lots of battery powered stuff in case the generator failed. Then id have lots of supplies aswell, like a whole cupboard full of tinned food only to be opened in an emergency. And id have a fire for warmth. And id have a water tank that collects water and i could boil it.
Ill be the only survivor :o

scary thoughts.
ive just watched the program blackout on ch4 and it told me that youd do anything for basic needs. You would loot, take risks you never thought you would - including taking a young child in a car with an ex criminal to get to an elderly woman trapped in her flat with no supplies, there would be more accidents - hospitals would be overloaded and if there power cut out hundreds would be killed, and people would resort to murder so there family can survive.
Not fun. All morals would go and we'd all become savages. Put short we'd be screwed.
Thats why im gonna go live in the country where i can grow my own crops and make sure i have my own generator and lots of battery poweted

Well, I'm about 13 years old, and I have been teaching myself and others the arts of subsistence farming and small time crafts (knives, rope, hoes, shovels, etc.). I myself am worried that if, and when, there is an energy crises that there will be widespread famine, disease, and total anarchy. But, if society does come to that, I guess the only way to go would be small time subsistence agriculture. Imagine the average American family consuming over 200 pounds of meat a year, going to a few bites of grain and meat every day.

As an aside, I just got back from India, where I spent the majority of the time in Ladakh, a place that has been looked at because of the sustainability practices ingrained into their way of life. I was amazed at how many solar panels I saw at remote villages (not accessible by road, only by footpath). These villages were incredibly poor and without other modern technology. It really stood out, and I wondered if they all pitched in together, or if the government gave subsidies (hard to imagine in India, frankly).

I think you make a good point Eve regarding costs, but that's only because most of us have already bought into a system.

How much does a normal house cost: $250,000 - $300,000

How much does a normal gas powered car cost: $10,000

The problem is that when most of us start our lives....we immediately start off getting a huge mortgage and a huge car payment and the rest of our lives are spent making payments to the bank.

The next generation needs to start of thinking differently. You can build a geodesic dome house for only $50,000. And a solar/battery array costs $13,000 total.

I agree that the way the system is setup right now...99 percent of us sell our souls to the banks and the car creditors before we turn 23. The rest of our life is just spent making payments on wildly overpriced items like our house and car and most of us will go our entire lives without ever actually owning either outright.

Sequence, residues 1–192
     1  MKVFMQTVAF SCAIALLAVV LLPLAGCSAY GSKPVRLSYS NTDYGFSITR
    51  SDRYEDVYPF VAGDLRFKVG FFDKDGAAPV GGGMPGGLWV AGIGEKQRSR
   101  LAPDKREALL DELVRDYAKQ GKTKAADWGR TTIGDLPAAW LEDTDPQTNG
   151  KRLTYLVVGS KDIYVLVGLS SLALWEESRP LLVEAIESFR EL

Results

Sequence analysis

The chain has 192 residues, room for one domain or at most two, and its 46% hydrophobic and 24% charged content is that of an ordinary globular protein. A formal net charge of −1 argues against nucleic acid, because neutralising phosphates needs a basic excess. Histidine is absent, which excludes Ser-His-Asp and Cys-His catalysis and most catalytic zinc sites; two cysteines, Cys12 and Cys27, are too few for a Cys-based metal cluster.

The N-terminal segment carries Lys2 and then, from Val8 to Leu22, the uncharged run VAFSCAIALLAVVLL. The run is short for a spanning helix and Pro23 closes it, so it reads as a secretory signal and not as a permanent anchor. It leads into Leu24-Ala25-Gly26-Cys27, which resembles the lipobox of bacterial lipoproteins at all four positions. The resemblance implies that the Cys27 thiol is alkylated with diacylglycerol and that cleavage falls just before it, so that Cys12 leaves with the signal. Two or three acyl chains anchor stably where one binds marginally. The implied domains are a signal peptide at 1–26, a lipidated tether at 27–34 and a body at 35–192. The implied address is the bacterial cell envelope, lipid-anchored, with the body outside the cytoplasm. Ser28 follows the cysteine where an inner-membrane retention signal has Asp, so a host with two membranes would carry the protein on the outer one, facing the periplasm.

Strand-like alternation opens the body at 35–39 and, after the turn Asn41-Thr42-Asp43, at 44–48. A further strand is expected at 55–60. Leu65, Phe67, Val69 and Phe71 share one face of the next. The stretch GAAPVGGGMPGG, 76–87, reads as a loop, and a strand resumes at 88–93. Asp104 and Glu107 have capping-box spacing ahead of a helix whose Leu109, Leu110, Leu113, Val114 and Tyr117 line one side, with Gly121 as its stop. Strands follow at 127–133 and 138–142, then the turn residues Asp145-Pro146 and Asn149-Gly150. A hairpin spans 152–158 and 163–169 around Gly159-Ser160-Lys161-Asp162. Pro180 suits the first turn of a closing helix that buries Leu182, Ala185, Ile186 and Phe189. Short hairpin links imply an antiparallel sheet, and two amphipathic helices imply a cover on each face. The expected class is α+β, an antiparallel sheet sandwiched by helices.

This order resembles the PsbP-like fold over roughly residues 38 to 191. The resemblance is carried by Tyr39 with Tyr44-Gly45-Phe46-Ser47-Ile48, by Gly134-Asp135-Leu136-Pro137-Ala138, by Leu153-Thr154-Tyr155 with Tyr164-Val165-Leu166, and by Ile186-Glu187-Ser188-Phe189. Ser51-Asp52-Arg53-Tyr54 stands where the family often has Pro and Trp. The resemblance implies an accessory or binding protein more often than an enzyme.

But if we can teach the next generation to NOT buy traditional $250,000 houses and NOT buy $15,000 cars....then they can avoid the financial prison the rest of us have fallen into.

My advice to anyone who is 16 -- DO NOT BUY A TRADITIONAL HOUSE! You will spend the rest of our life making payments to the bank. Your life will be reduced to just working and making payments for shelter. Live with your payments or rent a studio apt and save up $50,000 and buy a pre-fab house instead. Buy a used car and convert it to electric or convert it to bio-diesel. Invest in solar panels.

Because when the next energy crisis hits and you have an electric car YOU will still be able to drive long distance while the rest of us will be stuck with cars that can't go anywhere.

you can build your own

arc of the covenant for

3 grand, gives you

alll the energy you need

like the car that

entered the 500 indy

powered by seawater

wouldnt you like to

go to the sea

and fioll your car up


and I like MIke Ruppert

but he buys something

i really do not that

oil is a fossil fuel

which poo poo's peak oil

as another scam to

get more for their oil

peace x

With the price of solar panels, wind mills, etc., going "off-grid" is out of reach for many folks. We need to think "both/and" not "either/or" in addressing our need to shift our way of life in response to dwindling oil resources and dire ecological concerns. I am encouraged that there is a company like mentioned above. We need to come at this problem from many sides.

Well, that is good news to be sure....but a far better solution would be if individuals were responsible for producing their own energy.

Is it far better to have everyone using their OWN solar panel/battery system and not relying on a centeralized power company.

I think industries with large power needs obviously need and should utilize power plants, but the average American should be more self-sufficient. We need to radically decentralize our power structure and our food infrastructure.

We should be producing our own energy and growing at least a portion of out own food locally.

If each of us has a reasonable food garden and a solar array/battery system -- it wouldn't matter if there was a solar flare, a terrorist attack or a oil crisis. We would all be self-sufficient.